Psychedelic Medicine: Past, Present, and Future

Psychedelics are a group of hallucinogenic drugs that alter thought, perception, and feelings by causing sensations that seem real but are not. Psychedelics come in a range of varieties, some natural, like psilocybin, and some synthetic, such as LSD. Psychedelics also cause other psychological and physiological effects outside of the characteristic hallucinogenic symptoms.

Psychedelics cause these alterations primarily via serotonin 2A receptor binding. Using this knowledge, researchers have discovered that psychedelics have the potential to treat depression, alcohol addiction, and nicotine addiction.

Psychedelics are deemed physiologically safe, and their use is associated with little to no dependence liability addiction. Research shows that psychedelics cause minimal intellectual and memory impairments and do not cause depression or psychomotor stimulation.

The use of psychedelics is illegal worldwide however recreational use is common. As such, there is a taboo surrounding the use of psychedelics and despite their relative safeness, their medicinal use is controversial among researchers and clinicians. Outside of recreation, psychedelics have been used in traditional medicine and traditional religion for several years. Psychedelics are used in these ways to promote physical and mental health.

Psychedelic Mushrooms

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The Past: Traditional Medicine and the start of Mainstream Psychedelic Medicine

Outside of recreation, psychedelics have been used in traditional medicine for several years. Psychedelics are used in these ways to promote physical and mental health.

Native American traditional medical practices commonly use the psychedelic mescaline, found in different types of cacti, to treat alcoholism. The psychedelic psilocybin, found in several species of fungi, is also used in traditional healing practices.

In the pharmaceutical world, the psychedelic drug lysergic acid diethylamide (LSD) – a synthetic drug created from fungus – was first introduced for commercial medicinal use in 1947. Soon after, pharmaceutical companies in the United States suggested that LSD had potential use in psychiatry. Research into this boomed in the 1950s.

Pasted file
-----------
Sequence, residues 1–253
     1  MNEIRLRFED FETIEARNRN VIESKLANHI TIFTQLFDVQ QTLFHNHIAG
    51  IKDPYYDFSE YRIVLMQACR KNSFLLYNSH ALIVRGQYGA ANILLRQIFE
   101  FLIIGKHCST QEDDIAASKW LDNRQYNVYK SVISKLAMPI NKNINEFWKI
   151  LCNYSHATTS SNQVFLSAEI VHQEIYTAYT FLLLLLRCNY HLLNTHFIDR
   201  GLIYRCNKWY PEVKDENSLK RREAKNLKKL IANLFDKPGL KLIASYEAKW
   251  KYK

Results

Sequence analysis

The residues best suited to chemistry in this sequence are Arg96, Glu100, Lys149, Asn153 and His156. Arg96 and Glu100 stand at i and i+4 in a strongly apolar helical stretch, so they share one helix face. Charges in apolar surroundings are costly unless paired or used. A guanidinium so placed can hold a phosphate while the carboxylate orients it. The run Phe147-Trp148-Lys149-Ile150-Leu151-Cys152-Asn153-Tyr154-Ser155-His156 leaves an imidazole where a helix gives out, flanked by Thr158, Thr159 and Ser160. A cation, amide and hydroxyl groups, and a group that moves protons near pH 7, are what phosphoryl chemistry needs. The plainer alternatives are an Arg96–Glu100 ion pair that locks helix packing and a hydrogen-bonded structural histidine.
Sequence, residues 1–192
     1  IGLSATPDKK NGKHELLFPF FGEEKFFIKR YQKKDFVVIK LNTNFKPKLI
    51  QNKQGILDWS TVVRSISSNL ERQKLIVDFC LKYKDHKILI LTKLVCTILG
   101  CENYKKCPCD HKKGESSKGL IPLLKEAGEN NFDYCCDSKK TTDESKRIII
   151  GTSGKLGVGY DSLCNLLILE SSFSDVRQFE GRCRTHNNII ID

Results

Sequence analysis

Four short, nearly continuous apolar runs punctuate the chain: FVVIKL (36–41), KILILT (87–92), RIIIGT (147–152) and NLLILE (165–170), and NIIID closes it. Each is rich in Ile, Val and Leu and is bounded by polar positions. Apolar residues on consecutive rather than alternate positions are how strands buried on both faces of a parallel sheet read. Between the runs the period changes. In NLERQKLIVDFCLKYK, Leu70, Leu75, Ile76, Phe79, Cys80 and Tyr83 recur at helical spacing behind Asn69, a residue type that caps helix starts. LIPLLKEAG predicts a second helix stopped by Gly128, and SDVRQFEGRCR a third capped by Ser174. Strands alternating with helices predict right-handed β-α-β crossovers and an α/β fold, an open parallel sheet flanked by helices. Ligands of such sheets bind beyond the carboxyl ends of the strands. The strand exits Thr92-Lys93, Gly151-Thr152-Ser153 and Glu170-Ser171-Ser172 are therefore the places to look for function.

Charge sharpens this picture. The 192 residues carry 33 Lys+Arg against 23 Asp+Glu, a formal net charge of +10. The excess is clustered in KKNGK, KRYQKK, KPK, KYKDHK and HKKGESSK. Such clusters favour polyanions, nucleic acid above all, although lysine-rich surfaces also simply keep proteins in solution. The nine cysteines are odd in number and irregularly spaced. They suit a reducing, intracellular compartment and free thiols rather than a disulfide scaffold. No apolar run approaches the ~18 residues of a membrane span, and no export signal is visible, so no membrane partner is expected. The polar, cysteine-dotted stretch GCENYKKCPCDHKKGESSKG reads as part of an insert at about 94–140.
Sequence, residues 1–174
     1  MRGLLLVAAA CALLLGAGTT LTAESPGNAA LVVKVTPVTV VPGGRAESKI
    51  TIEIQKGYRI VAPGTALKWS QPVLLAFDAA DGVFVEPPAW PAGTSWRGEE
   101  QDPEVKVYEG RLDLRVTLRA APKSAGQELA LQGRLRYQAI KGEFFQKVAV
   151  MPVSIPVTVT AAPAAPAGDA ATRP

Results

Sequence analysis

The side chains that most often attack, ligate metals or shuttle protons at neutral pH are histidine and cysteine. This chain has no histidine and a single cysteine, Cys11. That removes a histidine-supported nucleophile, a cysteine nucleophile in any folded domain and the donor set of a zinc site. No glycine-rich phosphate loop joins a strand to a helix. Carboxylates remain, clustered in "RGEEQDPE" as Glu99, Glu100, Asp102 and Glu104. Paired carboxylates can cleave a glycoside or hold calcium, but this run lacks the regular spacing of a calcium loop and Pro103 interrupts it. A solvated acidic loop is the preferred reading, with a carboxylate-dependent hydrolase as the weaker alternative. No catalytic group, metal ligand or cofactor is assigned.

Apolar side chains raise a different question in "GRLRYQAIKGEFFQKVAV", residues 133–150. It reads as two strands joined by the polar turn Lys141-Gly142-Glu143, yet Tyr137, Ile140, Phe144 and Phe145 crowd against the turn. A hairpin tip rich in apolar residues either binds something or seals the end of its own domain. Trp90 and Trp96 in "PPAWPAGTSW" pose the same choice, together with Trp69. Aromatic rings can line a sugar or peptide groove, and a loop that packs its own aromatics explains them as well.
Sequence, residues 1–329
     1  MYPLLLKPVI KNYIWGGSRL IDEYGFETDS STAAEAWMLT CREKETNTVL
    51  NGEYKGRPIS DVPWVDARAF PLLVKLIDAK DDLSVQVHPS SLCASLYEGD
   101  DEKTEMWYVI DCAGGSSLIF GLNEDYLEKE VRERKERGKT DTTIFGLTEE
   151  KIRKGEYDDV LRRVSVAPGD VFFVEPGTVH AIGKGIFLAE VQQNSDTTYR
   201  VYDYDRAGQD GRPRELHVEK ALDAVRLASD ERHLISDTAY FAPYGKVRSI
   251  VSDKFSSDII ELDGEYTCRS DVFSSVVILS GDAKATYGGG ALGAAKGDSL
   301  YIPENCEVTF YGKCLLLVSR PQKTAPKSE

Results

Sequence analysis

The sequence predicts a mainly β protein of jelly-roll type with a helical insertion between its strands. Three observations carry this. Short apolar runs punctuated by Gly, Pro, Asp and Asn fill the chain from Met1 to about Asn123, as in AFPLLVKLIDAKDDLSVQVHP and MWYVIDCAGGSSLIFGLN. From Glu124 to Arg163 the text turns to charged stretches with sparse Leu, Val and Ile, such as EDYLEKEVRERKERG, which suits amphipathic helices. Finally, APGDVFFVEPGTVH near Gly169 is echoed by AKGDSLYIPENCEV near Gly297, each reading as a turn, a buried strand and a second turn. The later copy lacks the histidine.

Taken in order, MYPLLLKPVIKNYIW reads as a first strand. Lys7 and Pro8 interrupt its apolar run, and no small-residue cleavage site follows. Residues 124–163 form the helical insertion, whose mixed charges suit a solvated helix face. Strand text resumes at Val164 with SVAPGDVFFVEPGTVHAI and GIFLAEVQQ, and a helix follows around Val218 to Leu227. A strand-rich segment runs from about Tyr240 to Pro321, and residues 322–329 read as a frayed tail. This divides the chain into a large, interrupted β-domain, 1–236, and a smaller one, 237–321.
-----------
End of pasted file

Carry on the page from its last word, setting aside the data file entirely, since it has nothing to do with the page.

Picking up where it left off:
Through this research, influential psychologists and psychiatrists such as Sidney Cohen and Oscar Janiger were able to treat several patients with alcoholism and minor personality disorders, as well as aid psychotherapy.

The Present: The Transition into Mainstream Medicine

The results of several recent studies indicate that psychedelic treatments for mental health conditions are well-tolerated and do not give rise to any severe or persistent adverse effects. The adverse effects that do occur are mainly dizziness, mild increases in heart rate, and nausea.

A recent review article by Muttoni and colleagues found seven studies where patients with anxiety and depression experienced immediate anti-depressant and anxiolytic effects following psychedelic drug administration. These effects lasted several months following treatment and were not accompanied by any severe adverse effects.

Results like these are promising, however, there are very few studies on psychedelic medicine and the sample sizes in existing studies are also limited. As such it is difficult to make solid conclusions on the efficacy of psychedelic medicine in mental health conditions such as anxiety and depression.

In recent years, psychedelic use has become more mainstream through the practice of microdosing. Microdosing involves taking doses below the hallucinogenic threshold (i.e., microdoses).